October 7, 2003

Rush Starts One Fire Too Many

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Every fire starts with a spark, and Rush Limbaugh always seems to have a pack of matches handy. At one point or another during the past fifteen years, the radio host has probably said something incendiary that offended you. But usually, you can discount his comments as innocuous political ballyhoo and social blather. Last Sunday, however, he crossed the line.

On ESPN’s NFL Countdown, Limbaugh remarked that the media intentionally overrates Eagle’s quarterback Donovan McNabb because it wants to see a black man succeed at the position. The squib incited the NAACP, Rev. Jesse Jackson, and Al Sharpton.

“It’s not true and it’s demeaning to the black athlete,” said Jackson. “It is wrong to suggest that the hard work of black quarterbacks is breaking in by the gratuity of the media.”

By Tuesday of last week, the influential trio had called for Limbaugh’s resignation. In a rare moment of prudence, Rush listened, and he relinquished his position at the network. The abdication quelled most critics, but it resurrected a heated public debate: the role of race in sports.

It doesn’t take 20/20 vision to see that racial tension underlies most American institutions. Prejudice and preference manifest themselves in affirmative action, racial profiling, and college admissions. Nonetheless, America, in its efforts to compensate minorities for the abuse and bigotry they have endured for over a century, has progressed dramatically since the grassroots Civil Rights campaign of the 50’s. But lingering inequities among us show that we still have a long way to go to achieve equality. I’d like to think, however, that we do have at least one level playing field in this country — Sports.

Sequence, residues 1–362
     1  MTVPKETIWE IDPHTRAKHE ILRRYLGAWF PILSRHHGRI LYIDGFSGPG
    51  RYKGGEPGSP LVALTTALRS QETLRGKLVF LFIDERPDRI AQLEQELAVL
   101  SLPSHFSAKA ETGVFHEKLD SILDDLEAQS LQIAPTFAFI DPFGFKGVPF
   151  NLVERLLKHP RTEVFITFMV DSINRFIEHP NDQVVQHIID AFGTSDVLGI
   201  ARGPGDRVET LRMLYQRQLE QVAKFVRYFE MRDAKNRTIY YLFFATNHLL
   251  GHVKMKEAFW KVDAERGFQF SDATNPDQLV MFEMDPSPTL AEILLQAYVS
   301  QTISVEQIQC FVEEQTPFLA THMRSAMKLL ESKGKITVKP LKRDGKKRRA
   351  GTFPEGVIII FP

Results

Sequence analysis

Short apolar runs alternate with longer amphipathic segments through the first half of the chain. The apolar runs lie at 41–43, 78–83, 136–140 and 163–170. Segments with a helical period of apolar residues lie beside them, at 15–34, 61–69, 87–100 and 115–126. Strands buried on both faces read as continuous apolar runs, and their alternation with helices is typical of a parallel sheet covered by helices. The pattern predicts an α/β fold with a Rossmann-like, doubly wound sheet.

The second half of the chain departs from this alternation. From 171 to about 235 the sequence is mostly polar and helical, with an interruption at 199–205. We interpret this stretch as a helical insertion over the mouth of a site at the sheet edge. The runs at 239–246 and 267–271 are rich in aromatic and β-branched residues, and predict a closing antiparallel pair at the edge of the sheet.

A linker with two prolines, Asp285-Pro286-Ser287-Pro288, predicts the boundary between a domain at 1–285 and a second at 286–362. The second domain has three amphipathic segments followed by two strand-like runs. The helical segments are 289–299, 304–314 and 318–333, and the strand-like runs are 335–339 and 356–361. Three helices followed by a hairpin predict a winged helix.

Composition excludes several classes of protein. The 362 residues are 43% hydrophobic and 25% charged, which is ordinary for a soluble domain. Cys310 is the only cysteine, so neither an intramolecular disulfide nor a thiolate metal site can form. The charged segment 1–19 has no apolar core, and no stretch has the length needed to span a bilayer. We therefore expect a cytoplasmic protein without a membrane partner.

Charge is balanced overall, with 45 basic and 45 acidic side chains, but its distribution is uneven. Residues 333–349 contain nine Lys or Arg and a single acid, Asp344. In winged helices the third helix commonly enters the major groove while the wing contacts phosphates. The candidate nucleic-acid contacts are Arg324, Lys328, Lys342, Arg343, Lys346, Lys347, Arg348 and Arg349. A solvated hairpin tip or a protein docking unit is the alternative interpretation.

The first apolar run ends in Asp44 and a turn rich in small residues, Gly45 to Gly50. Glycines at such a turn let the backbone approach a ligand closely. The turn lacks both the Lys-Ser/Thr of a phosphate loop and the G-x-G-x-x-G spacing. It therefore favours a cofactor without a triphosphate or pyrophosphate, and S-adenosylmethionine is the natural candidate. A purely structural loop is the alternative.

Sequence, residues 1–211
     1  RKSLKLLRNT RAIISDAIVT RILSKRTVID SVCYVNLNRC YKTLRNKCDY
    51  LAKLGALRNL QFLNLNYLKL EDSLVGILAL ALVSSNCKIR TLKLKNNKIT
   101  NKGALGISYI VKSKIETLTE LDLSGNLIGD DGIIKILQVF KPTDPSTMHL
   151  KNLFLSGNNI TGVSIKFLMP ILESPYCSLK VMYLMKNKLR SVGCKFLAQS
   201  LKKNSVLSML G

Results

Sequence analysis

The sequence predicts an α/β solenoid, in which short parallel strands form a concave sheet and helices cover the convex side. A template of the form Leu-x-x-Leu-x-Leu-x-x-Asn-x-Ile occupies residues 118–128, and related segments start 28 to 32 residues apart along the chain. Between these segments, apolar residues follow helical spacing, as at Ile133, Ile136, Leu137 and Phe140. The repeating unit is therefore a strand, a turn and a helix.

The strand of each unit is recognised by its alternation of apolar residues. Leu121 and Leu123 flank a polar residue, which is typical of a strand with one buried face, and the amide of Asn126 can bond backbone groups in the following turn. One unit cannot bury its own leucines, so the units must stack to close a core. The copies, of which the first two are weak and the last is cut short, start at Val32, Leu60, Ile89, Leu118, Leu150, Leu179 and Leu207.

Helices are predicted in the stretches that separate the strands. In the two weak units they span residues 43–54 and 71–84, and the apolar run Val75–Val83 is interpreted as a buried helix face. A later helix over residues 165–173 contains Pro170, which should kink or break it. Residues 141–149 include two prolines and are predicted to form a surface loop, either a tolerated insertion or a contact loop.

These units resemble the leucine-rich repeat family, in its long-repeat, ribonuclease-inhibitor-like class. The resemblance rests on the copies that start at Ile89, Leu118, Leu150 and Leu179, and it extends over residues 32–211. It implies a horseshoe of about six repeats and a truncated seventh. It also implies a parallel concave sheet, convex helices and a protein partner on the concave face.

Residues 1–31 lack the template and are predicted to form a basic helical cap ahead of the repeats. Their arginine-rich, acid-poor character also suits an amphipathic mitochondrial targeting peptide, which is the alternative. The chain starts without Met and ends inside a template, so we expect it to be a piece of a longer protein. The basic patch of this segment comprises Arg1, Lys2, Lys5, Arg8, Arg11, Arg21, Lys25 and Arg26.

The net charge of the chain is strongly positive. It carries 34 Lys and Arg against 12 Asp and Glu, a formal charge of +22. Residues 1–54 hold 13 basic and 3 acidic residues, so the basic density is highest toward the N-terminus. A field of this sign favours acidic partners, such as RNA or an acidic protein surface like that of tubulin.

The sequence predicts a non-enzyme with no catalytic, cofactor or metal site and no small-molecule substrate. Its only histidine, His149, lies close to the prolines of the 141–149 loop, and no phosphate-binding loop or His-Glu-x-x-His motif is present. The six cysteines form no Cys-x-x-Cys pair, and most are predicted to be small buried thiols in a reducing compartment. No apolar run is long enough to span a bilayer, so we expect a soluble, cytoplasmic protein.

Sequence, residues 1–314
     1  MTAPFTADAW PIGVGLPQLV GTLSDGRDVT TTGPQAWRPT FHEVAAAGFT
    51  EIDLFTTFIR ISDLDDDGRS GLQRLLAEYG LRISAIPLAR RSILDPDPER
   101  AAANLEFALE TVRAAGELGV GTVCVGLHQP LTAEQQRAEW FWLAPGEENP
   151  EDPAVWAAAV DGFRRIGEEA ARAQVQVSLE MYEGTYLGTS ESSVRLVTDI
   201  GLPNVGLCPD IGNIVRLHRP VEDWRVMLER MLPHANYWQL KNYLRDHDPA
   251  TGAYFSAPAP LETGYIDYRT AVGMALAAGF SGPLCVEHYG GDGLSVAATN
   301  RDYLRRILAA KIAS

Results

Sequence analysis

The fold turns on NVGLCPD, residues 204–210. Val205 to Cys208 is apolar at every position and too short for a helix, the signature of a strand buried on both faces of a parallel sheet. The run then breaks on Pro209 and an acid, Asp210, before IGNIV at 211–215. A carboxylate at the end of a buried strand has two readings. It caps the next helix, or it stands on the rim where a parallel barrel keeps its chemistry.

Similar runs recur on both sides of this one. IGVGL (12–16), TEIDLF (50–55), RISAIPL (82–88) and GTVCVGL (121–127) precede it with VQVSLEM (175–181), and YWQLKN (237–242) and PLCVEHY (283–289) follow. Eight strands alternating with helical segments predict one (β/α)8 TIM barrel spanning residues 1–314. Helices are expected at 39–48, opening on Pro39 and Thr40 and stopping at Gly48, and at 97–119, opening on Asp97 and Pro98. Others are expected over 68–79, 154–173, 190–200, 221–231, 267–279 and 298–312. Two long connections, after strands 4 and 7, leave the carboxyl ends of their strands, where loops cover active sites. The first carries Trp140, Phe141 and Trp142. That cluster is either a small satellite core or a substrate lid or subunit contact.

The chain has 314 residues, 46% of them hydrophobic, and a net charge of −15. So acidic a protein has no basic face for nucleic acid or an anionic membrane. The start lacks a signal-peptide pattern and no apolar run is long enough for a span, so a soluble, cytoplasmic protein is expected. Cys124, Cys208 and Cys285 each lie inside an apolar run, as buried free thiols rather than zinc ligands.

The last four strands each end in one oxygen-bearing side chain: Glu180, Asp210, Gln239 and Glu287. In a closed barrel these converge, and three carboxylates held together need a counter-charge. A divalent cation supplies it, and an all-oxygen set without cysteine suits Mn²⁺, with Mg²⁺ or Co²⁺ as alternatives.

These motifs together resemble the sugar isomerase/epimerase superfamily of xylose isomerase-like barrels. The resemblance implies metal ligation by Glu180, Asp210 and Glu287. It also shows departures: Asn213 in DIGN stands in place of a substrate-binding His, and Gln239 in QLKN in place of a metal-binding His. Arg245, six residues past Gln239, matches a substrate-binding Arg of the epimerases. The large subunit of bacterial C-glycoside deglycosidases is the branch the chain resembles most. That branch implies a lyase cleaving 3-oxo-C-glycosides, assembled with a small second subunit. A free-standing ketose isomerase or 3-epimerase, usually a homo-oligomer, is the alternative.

Sixth graders — black and white — across the country idolize athletes like Yao Ming, Michael Vick, Tiger Woods, Alex Rodriguez, and Venus Williams. These role models appear on sports cards, not race cards. Their performances speak for themselves, and the media need not underscore their stats to help them succeed in the public’s eye. If Tiger shoots a six over par and loses the Masters, you won’t hear Chris Berman veil the result. Rather, he will tell you that Tiger’s swing was off and that he didn’t read the greens well. Likewise, if Michael Vick runs for 150 yards in a game and throws three touchdowns, any responsible reporter will tell you he’s one of the most dangerous quarterbacks in the league right now; but he certainly won’t over-emphasize the accomplishment by saying that Mike’s the best player ever born.

But it wasn’t always like that.

At the 1936 Berlin Olympics, Jesse Owens, America’s premier sprinter, stunned the world by winning four gold medals. Hitler snubbed him at the awards ceremony anyway. Eleven years later, Jackie Robinson joined the Brooklyn Dodgers as the first African-American to play professional baseball outside the Negro League. He won Rookie of the Year that season but crowds still booed him. In 1957, Althea Gibson became the first black woman to win Wimbledon. New York City held a tickertape parade to honor her victory, but many Americans still resented her because of race.

Listening to Limbaugh makes me think that nothing has changed.

“It’s amazing to me that this is a controversy at all,” he told Sports Illustrated. “Had what I said been anybody else